Questions to Ask about Field Sources
- Does your source seem biased or prejudiced? If so, is this bias or prejudice so strong that you have to discount some of the information?
- Have you compared different people's opinions or accounts? In general, the more viewpoints, the better.
- Does the information from your source agree with published accounts in print or Internet sources? If not, can you think of a good reason why this would be so?
- Is any of your evidence hearsay, one person telling you the thoughts of another or telling you about comments or actions that he or she hasn't witnessed? If so, can you support or discount your source's view by comparing it with other evidence?
- If an interviewee or questionnaire respondent has told you about past events, has time possibly distorted his or her memory?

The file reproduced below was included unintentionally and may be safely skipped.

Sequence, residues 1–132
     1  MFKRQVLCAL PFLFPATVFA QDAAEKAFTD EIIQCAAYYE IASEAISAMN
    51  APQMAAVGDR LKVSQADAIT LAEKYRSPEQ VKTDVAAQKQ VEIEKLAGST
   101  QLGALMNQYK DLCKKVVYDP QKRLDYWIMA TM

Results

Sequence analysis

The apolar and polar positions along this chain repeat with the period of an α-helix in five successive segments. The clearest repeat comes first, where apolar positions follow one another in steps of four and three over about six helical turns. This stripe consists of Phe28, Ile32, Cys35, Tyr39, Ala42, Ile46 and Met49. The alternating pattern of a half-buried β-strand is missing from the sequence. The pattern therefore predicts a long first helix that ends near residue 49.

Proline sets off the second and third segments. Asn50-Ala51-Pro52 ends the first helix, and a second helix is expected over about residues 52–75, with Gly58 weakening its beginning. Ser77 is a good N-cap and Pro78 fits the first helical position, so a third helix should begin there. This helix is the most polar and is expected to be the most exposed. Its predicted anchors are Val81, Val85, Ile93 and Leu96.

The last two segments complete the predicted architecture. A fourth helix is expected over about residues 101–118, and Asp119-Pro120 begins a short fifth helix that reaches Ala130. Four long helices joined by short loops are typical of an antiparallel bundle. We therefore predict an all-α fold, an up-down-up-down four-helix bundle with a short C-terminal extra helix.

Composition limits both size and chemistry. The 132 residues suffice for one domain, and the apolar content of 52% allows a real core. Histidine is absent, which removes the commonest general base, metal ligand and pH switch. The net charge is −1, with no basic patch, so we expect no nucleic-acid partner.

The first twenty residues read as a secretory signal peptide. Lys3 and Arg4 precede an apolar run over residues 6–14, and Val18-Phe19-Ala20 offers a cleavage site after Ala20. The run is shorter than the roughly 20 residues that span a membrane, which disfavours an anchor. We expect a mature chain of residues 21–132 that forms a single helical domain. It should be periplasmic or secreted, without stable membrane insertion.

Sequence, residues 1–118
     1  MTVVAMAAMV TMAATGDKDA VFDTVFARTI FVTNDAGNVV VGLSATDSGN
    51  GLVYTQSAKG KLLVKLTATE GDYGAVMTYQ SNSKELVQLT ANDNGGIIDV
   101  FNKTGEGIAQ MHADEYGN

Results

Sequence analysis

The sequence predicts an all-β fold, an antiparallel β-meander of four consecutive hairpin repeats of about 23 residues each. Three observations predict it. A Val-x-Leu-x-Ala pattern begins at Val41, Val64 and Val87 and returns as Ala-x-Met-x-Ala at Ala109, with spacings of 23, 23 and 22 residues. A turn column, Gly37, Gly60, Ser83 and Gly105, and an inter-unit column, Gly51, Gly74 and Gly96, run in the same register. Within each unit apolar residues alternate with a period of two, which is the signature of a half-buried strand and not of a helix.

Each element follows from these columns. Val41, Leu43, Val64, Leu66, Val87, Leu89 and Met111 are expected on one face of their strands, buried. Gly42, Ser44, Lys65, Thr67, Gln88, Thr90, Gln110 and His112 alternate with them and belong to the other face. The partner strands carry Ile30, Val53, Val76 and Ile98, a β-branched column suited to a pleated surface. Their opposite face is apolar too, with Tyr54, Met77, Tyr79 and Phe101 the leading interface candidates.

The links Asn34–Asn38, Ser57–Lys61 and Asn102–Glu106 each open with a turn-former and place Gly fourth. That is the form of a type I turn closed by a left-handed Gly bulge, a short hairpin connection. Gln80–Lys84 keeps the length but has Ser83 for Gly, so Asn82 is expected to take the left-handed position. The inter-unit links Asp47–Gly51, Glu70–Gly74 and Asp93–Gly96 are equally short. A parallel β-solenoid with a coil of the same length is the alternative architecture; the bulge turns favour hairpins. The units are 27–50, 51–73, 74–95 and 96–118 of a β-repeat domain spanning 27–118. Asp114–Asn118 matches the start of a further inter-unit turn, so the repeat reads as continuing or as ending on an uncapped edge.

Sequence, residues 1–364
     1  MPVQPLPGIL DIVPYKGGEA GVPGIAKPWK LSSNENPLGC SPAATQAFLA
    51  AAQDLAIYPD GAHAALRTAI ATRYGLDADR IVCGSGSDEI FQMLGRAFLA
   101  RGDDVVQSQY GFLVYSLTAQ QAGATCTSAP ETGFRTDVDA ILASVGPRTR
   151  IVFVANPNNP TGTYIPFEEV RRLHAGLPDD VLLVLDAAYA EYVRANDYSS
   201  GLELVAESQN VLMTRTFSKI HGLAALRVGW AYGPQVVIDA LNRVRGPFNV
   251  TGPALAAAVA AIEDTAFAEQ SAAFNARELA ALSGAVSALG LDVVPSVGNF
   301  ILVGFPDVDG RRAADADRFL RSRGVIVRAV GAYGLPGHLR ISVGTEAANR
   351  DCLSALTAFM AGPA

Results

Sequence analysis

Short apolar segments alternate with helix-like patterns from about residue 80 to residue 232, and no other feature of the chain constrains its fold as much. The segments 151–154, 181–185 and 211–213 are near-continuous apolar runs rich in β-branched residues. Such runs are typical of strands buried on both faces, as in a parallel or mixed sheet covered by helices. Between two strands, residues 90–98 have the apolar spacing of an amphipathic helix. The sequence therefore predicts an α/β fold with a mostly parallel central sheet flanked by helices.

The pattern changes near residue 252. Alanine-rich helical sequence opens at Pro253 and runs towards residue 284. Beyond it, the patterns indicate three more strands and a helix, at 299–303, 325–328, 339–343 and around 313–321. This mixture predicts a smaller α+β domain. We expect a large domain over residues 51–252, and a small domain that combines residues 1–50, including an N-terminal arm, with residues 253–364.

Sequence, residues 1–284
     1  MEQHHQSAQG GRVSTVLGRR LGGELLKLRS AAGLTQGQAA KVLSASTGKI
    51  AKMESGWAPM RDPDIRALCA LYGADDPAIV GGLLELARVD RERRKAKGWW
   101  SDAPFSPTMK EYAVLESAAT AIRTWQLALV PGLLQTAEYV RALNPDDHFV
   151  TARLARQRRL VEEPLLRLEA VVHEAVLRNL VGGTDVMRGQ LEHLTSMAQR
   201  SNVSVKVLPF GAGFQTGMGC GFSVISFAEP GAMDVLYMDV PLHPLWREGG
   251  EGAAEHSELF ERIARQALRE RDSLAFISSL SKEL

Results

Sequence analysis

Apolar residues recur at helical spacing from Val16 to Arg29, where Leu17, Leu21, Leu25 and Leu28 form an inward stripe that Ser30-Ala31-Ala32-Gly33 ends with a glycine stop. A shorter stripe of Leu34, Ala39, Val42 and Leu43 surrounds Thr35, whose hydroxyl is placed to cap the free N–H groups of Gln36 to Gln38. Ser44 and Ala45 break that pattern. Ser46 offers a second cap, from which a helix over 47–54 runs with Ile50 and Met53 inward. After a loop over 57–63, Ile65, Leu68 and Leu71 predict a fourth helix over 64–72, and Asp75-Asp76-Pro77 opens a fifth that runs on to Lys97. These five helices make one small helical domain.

- If you have tried to question a random sampling of people, do you feel that they are truly representative? If you have tried to question everyone in a group, have you been thorough enough?
- Have you identified the time, place, and participants in your field research?
- Do you have access to the source? Can you find the time to visit or contact the source to obtain the information you are seeking?
- Have you obtained permission to use information from someone you've interviewed, surveyed, or observed? Have you asked them whether you can use their names in your paper or whether they would prefer that you protect their confidentiality?